• Combat in Final Fantasy Tactics Advance is somewhere between this and a Blood Sport, since if you agree to an official duel arbitrated by a judge, the judge's magic will (depending on which translation you're playing) either keep you from dying even if you're unconscious and face-down in a river, or keep you from staying dead. Of course, things get uglier if you're fighting in a lawless region, and the Japanese version implies that innocent people can and frequently do get killed in the crossfire.

Visual Novels

  • Maji De Watashi Ni Koi Shinasai has the Kamikami War, the most extreme of actions two feuding classes can take. Weapons are non lethal, no broken bones, no punctures, no holes! This despite weapons like a bow with arrows that can pierce metal shields.

Web Comics

  • Played with in Penny Arcade. They did a series of strips of an alternate Earth where there was no nuclear war; instead, all disputes were settled with Ping Pong matches. Potentially deadly Ping Pong matches.
  • Sluggy Freelance has the Dimension of Lame, where getting nuked meant receiving a bunch of Notices of Unified Kindness Envelopes.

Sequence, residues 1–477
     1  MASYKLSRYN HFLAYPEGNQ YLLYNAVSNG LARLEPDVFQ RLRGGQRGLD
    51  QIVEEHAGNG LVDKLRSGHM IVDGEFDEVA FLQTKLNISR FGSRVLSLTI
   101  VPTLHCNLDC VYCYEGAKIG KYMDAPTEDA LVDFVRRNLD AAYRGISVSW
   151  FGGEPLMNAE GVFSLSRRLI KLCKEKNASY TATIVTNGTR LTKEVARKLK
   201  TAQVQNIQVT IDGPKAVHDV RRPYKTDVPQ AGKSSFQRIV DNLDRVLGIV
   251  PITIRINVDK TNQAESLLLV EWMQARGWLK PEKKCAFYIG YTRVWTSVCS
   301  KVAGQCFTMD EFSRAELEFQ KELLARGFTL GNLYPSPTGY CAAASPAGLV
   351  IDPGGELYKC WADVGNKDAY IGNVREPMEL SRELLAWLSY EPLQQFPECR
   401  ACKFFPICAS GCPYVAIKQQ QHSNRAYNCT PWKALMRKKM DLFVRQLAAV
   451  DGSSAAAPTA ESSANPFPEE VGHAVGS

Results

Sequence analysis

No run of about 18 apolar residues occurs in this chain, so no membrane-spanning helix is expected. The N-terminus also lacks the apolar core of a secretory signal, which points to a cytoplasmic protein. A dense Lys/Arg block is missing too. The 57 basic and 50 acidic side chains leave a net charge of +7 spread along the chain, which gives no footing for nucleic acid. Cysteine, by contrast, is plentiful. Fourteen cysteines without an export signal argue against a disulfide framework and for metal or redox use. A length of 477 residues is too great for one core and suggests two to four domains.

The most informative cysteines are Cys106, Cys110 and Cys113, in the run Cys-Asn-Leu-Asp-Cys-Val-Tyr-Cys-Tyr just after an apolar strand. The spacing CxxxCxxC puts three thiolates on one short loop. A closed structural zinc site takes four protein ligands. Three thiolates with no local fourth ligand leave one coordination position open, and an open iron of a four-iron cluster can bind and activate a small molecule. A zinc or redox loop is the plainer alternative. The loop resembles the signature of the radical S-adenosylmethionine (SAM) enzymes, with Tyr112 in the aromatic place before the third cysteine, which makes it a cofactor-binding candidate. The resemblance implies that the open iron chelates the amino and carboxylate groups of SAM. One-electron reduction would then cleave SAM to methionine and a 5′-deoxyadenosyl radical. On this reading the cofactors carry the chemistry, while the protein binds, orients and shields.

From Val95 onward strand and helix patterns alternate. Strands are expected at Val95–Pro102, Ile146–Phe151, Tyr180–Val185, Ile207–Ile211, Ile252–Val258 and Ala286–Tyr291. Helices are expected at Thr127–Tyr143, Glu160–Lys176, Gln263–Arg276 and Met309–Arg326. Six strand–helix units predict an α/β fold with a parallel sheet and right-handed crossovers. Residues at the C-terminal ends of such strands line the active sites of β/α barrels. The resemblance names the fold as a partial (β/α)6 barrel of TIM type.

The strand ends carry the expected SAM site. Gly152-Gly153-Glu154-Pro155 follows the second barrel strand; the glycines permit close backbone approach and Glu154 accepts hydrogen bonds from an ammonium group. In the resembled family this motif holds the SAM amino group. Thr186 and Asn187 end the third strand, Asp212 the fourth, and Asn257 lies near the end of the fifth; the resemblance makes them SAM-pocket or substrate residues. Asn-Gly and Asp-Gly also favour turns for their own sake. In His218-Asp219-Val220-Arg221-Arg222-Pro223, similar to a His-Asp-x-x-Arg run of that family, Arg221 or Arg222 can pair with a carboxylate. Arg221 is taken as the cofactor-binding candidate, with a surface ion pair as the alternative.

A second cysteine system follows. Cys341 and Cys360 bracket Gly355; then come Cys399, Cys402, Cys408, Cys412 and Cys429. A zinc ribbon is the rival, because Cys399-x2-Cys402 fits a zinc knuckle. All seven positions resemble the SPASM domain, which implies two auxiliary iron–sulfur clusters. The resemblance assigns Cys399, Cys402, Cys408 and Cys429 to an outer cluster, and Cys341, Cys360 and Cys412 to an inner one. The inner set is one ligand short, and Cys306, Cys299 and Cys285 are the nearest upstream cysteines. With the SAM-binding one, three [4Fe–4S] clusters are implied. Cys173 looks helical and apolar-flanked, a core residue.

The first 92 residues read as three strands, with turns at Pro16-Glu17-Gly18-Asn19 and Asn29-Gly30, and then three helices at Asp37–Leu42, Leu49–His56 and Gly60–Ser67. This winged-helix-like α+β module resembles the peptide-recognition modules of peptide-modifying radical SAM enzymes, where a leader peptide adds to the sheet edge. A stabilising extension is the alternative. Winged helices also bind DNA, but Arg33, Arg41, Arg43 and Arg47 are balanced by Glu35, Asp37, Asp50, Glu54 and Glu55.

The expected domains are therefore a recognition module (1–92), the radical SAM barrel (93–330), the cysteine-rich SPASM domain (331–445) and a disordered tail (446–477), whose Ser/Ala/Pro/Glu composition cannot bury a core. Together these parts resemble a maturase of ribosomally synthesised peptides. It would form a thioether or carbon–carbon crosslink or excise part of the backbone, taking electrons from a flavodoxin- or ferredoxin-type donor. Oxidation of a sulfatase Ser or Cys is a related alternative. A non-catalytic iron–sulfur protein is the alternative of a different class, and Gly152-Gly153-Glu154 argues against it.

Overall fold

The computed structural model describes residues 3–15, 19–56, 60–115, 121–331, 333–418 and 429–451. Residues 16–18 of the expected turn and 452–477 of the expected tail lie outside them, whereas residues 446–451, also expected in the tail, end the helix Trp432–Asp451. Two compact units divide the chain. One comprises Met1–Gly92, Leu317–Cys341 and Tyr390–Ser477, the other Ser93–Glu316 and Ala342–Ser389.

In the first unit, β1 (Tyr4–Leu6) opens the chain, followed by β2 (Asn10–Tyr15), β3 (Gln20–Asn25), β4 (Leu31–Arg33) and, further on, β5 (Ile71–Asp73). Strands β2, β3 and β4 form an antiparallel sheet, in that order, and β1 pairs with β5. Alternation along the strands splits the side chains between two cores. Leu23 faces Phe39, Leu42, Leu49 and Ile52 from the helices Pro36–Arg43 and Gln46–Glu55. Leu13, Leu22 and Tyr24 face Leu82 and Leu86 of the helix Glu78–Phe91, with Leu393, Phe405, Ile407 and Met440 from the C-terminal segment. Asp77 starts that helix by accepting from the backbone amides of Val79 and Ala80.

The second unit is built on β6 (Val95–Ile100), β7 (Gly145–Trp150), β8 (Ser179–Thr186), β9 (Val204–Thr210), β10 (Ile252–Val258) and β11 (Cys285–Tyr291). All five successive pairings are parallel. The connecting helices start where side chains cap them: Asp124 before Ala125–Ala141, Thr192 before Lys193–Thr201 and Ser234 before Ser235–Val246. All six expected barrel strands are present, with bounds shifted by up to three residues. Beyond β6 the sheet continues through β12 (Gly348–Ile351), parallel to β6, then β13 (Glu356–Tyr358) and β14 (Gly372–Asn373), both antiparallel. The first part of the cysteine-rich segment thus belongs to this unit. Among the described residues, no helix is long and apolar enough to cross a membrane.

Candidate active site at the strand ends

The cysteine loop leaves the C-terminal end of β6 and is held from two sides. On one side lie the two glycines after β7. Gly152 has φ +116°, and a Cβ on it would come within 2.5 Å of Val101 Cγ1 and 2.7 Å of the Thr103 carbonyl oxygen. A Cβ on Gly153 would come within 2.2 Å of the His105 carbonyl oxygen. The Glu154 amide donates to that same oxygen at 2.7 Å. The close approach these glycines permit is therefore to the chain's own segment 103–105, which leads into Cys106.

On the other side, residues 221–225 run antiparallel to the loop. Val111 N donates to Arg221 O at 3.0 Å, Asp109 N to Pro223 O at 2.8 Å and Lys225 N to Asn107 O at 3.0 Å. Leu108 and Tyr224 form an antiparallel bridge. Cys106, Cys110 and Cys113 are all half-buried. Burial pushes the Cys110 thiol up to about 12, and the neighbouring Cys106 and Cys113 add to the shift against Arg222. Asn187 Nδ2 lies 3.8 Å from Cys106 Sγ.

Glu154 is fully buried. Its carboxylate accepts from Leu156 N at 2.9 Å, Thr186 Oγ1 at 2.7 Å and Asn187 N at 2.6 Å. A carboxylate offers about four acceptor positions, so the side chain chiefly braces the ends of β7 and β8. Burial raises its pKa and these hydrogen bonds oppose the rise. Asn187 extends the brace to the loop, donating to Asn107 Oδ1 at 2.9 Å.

Western Animation

  • G.I. Joe. Blue lasers anyone?
    • Actually, the really bizarre thing about G.I. Joe looking back at it as an adult is that their "laser guns" don't look like sci-fi weapons at all, instead virtually all the guns are animated to look like realistic depictions of identifiable real-world guns. Snake Eyes clearly is packing an Uzi, Duke blasts away on what's obviously a Colt .45, Falcon has a pump-action shotty etc. etc. But instead of firing bullets, these realistic firearms inexplicably shoot lasers, which is very dissonant. Sometime you can even see the guns expelling shell casings! That's right kids, LASER BULLETS!
      • Oxidized Copper tracers?
      • Resolute, an 11-episode miniseries created to hype the movie, averted this. The guns actually do fire bullets (they did feature red muzzle flash and blue muzzle flash as a shoutout). There's plenty of A-Team Firing and the Cobra Blueshirts are still unable to hit anything, but the Joes do manage to gun them down often.